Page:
THE PEOPLE OF THE STATE OF NEW YORK ex rel. FRANCES V. HALLOCK and JOHN H. HALLOCK, as Administrators, etc., of DAVID H. VALENTINE, Deceased, Relators,
JOSEPH P. HENNESSY and Others, Composing the Board of Assessors of the City of New York, Respondents.
CERTIORARI issued out of the Supreme Court and attested on the 17th day of May, 1911, directed to Joseph P. Hennessy and others, composing the board of assessors of the city of New York, commanding them to certify and return to the office of the clerk of the county of Kings all and singular their proceedings had in awarding certain damages to the relators under chapter 582 of the Laws of 1905.
Benjamin Trapnell [Joseph A. Flannery with him on the brief], for the relators.
Clarence L. Barber [Theodore Connoly and Archibald R. Watson with him on the brief], for the respondents.
This is a proceeding by way of writ of certiorari to review a determination of the board of assessors of the city of New York, made under the authority of chapter 582 of the Laws of 1905. It appears from the record before us that prior to 1901 a drawbridge crossed Newtown creek, connecting the borough of Queens with the borough of Brooklyn. As it then existed, this bridge ended on the Queens borough side at Vernon avenue. The approach to that bridge on the Vernon avenue side was about four feet above the level of the roadway, inclining gradually to the sidewalk, so that access to and from the neighboring property was practically undisturbed. In 1901 the city of New York began the erection of a new bridge across Newtown creek in the same place, and necessarily removed the old drawbridge. The new bridge was completed and thrown open to the public in 1905. It is what is known as a bascule bridge, the span over the water being separable at its middle into two parts, both of which are lifted up into the air to enable vessels to pass through. A change was made in the approaches to the bridge. On the Vernon avenue side the approach began some 1,050 feet from the corner of Vernon avenue and Newtown creek, and was carried along on a steel viaduct, which, as it reached Newtown creek, was about 22 feet above the roadway of Vernon avenue. This viaduct was open below and permitted travel along Vernon avenue to the creek, but it removed substantially all access to and from the bridge to the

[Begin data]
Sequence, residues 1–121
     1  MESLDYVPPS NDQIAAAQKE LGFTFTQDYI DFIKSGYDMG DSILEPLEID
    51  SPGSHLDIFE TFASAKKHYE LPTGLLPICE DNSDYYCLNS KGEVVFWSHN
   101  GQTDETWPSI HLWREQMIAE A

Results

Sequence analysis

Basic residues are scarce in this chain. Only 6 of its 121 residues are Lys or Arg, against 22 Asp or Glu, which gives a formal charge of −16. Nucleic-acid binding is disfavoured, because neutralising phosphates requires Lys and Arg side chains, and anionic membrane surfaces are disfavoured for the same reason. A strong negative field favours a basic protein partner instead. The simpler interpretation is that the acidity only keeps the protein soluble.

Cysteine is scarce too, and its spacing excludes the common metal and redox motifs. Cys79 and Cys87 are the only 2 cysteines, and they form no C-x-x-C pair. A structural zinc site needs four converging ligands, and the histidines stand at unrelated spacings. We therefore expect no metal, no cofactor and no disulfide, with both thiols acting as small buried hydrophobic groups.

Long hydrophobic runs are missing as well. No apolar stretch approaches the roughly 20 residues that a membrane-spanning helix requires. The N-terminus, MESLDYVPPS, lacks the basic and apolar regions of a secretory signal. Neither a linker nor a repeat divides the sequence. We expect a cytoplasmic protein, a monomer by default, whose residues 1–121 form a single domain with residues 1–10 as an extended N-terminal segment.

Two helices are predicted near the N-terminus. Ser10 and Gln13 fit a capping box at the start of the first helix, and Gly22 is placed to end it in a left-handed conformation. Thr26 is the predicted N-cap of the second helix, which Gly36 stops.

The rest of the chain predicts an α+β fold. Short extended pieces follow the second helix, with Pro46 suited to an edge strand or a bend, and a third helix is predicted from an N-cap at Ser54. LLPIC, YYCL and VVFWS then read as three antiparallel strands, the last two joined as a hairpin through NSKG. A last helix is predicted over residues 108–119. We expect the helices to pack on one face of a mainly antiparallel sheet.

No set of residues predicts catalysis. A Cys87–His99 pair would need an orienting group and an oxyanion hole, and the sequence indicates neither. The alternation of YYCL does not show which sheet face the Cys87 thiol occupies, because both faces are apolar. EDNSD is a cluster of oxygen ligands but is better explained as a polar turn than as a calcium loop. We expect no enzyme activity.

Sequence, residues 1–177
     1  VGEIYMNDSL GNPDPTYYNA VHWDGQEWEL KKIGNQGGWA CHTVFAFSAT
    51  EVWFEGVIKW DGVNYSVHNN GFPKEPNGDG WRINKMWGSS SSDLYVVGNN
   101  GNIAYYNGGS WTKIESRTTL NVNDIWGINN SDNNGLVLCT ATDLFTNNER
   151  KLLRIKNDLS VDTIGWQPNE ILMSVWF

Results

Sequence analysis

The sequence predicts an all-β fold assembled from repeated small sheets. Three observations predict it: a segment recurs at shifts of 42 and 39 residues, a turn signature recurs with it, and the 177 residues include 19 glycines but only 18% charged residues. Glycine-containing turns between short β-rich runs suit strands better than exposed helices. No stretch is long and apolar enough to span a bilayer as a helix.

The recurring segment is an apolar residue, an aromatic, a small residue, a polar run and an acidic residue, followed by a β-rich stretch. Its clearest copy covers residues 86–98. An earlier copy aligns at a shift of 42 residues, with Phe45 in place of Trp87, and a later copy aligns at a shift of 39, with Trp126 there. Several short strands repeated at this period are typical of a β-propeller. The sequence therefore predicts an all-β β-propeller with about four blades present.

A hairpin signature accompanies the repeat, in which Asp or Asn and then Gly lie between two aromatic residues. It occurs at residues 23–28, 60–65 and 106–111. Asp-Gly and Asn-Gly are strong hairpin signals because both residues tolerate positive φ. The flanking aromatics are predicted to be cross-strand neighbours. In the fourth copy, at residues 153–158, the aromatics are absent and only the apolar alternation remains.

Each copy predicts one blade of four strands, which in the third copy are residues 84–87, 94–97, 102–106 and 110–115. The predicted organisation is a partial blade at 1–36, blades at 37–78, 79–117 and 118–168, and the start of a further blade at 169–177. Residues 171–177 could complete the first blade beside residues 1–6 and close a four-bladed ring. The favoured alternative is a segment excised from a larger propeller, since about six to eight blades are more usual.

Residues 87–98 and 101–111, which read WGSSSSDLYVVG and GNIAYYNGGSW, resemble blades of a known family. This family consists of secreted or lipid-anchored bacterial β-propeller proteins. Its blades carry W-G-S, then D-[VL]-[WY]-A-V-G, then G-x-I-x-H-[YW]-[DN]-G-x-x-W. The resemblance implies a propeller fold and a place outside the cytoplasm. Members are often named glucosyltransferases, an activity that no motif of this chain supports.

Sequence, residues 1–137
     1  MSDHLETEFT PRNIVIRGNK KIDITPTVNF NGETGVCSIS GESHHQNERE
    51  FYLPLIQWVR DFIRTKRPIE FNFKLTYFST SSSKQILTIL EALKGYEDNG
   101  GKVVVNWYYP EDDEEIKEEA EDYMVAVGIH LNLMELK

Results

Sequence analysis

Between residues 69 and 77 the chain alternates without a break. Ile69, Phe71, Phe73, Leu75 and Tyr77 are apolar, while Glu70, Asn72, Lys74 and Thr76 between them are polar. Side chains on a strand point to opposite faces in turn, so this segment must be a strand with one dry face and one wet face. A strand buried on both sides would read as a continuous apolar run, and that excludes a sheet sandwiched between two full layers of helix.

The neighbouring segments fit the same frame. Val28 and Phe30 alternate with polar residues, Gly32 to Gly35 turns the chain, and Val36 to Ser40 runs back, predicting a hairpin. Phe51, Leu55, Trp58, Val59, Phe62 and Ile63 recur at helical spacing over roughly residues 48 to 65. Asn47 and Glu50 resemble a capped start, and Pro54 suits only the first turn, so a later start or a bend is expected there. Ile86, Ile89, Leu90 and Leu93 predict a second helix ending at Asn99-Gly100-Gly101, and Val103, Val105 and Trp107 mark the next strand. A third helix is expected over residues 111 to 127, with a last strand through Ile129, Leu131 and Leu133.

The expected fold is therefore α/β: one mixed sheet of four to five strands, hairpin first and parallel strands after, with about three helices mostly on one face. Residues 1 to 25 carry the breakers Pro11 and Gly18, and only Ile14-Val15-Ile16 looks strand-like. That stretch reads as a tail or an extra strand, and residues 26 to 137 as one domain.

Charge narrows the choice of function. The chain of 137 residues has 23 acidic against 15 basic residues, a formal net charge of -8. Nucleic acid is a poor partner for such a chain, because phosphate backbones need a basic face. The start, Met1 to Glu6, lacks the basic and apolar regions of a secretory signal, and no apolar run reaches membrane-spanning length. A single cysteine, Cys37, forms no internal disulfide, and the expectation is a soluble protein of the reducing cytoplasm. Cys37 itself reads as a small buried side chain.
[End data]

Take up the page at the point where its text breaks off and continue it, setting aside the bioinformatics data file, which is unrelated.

real property on Vernon avenue where it abutted Newtown creek. In 1905 the Legislature enacted chapter 582 of the laws of that year. This act provides as follows:
'Section 1. The board of assessors of the city of New York is hereby authorized and empowered in its discretion to estimate and determine the damage which the owner or owners of lands and buildings abutting upon Vernon avenue and adjacent to Newtown creek in the borough of Queens have suffered, or will suffer, by reason of the erection and construction of the bridge over Newtown creek, between Manhattan avenue in the borough of Brooklyn and Vernon avenue in the borough of Queens, and to certify the same to the comptroller of the city of New York, setting forth the amount of the said award with interest. Said board of assessors shall deduct from any award of damages so made by them any sum or sums of money which they may find as matter of fact have been allowed for consequential damages to the owner or owners of any such lands or buildings by any commissioners of estimate appointed pursuant to provisions of the charter of the city of New York.
'§ 2. The amount of such award or awards so certified shall be paid by the city of New York, and the comptroller is hereby authorized to issue corporate stock of the city of New York to the amount of such award or awards with interest.
'§ 3. All acts, or parts of acts, inconsistent with the provisions of this act, are hereby repealed.
'§ 4. This act shall take effect immediately.'
The relators in this proceeding are the heirs at law of the late Mr. David H. Valentine, who, at the time of his death, owned a parcel of real property at the corner of Vernon avenue and Newtown creek, which fronted on Vernon avenue and likewise upon Newtown creek. On the creek side this property was used as water-front property, and on the avenue side it was devoted largely to small stores, such as a liquor saloon, a cigar store and several other small shops. The relators, acting under the statute aforesaid, presented a claim in writing to the board of assessors of the city of New York, requesting that the damages to their ...